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Thus by process of elimination, it seems that the new ABM candidate will now be Newt Gingrich, who has risen steadily into third place behind Romney and the rapidly deflating Cain. With his rivals Rick Santorum, Michele Bachmann, Rick Perry and Ron Paul all polling around 10 per cent or less, the field is now open for Newt. It should really have been the former Speaker of the House in the first place. Like Huntsman, Newt Gingrich is a charming, intelligent and able man who makes a fine dinner companion, not least because of his Anglophilia and love of history. He has won all the Republican candidates' TV debates, greatly outperforming everyone else on the podium with his thoughtfulness, wit and rhetoric. He would pose a severe intellectual challenge to Obama in the presidential election debates, of which he has said he would like to have no fewer than seven, in the open-ended, unmoderated style of the 1858 debates between Abraham Lincoln and Stephen A. Douglas. "I think I can represent American exceptionalism, free enterprise, the rights of private property and the constitution", Gingrich has said, "better than he can represent class warfare, bureaucratic socialism, weakness in foreign policy, and total confusion in the economy." With Obama shorn of his ubiquitous teleprompter in those debates, Newt might be right.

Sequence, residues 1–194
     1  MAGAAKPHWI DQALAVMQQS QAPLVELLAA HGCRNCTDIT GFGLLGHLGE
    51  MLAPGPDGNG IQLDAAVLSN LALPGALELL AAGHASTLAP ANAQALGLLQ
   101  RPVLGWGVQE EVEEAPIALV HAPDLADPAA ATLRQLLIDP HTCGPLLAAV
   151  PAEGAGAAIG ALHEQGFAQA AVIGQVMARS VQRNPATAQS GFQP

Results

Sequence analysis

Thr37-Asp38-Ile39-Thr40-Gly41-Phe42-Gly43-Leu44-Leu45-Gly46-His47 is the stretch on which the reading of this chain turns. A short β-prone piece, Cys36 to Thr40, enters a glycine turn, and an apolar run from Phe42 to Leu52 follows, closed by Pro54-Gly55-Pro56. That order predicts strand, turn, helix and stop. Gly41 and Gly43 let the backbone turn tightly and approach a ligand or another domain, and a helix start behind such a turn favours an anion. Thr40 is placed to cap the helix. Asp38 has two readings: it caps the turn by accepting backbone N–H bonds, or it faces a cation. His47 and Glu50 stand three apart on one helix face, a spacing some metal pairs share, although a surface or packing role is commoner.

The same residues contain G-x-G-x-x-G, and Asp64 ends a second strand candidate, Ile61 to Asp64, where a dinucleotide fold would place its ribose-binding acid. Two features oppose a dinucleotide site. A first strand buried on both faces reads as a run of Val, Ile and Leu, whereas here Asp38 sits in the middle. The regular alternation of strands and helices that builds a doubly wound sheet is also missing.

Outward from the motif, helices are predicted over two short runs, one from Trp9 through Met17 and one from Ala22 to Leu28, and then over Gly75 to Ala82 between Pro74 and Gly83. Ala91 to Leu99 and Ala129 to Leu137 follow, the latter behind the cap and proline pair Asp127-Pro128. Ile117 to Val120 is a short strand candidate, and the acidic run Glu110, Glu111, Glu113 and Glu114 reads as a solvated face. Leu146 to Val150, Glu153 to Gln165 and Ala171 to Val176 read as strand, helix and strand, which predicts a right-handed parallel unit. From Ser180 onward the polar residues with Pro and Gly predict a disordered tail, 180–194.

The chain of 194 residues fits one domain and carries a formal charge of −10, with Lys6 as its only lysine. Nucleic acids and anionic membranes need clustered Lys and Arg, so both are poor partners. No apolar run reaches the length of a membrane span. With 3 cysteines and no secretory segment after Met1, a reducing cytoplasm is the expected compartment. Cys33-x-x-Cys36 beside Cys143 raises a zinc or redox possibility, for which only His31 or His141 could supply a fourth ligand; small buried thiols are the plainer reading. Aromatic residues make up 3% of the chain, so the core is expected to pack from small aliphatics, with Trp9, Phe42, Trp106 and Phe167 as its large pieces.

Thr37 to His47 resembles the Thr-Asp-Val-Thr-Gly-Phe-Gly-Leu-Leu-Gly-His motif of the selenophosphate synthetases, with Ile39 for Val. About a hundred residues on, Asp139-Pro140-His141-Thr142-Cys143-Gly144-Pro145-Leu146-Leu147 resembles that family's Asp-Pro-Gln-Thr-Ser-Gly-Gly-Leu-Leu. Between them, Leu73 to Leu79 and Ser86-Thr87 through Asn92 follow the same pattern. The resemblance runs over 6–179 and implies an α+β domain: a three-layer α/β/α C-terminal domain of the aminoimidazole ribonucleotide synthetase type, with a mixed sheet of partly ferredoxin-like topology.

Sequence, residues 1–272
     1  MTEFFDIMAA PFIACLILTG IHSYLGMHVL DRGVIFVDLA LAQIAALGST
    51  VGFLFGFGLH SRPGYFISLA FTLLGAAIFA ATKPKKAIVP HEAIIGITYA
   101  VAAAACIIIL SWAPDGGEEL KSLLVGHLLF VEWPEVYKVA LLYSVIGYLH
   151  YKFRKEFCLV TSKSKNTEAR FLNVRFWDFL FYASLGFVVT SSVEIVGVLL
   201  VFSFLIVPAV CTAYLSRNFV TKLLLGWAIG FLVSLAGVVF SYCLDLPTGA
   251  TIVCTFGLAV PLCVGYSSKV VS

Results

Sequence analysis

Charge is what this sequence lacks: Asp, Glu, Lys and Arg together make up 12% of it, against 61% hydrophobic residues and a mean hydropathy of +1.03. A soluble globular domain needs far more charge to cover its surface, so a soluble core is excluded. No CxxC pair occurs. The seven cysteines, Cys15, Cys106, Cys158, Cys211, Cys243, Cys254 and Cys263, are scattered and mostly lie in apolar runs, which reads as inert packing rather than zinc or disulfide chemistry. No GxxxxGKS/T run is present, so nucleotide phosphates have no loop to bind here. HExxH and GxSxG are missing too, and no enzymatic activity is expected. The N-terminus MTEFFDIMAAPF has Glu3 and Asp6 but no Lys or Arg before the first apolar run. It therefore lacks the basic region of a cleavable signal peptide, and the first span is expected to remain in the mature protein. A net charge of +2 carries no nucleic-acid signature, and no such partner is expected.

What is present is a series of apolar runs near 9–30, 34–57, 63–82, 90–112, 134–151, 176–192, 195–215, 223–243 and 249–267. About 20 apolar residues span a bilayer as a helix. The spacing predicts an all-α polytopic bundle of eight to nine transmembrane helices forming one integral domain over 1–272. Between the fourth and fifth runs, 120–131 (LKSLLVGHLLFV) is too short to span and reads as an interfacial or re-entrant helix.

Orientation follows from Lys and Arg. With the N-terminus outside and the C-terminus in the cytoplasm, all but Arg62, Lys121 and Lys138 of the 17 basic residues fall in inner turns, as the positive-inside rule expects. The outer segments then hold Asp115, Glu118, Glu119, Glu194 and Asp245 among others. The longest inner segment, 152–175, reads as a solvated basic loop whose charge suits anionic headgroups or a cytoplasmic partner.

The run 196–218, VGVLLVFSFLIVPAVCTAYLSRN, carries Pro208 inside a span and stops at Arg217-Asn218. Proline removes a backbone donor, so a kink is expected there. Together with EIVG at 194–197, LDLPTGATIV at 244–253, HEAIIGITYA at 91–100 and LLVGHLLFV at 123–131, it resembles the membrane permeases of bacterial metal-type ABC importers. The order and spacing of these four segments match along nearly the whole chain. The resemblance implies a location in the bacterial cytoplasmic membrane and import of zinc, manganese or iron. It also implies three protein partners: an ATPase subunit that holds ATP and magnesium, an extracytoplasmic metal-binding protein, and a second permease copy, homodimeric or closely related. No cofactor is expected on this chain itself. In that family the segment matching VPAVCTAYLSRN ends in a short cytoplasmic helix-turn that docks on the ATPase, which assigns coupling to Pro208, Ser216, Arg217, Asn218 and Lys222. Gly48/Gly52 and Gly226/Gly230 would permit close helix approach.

Yet Gingrich faces formidable hurdles in getting the GOP nomination, not least from the fact that his entire senior campaign team resigned en masse on June 9, citing his refusal to listen to them. (He went on holiday with his wife instead.) Until recently he only had campaign offices in Georgia and Florida, and has only recently opened up in vital Iowa, New Hampshire and South Carolina. Reports state that he has only just raised $2m in the last two months and has a mere $4m in the kitty, the kind of money Romney pulls in every week. 

The conservative Right doesn't wholly trust him. Gingrich's 23rd book, the environmentalist tract A Contract with the Earth, and his appearance on a public service broadcast about green energy alongside House Speaker Nancy Pelosi — the Tea Party's ultimate bugbear — might prove more problematic than the original Contract with America that shot him to fame in 1994. Many conservatives are not ready to forgive Gingrich for endorsing the moderate Republican Dede Scozzafava over the Conservative Party's Doug Hoffman in the special election in New York's 23rd congressional district, and back in 1997 he became the only Speaker of the House to be reprimanded for ethics violations, although 83 of the 84 charges against him were dropped. To ordinary Americans, Gingrich's name recalls the unhappy days during the Clinton administration when he shut down the US government over budget rows. With shutdowns looming in Washington today, it all sounds very retro.

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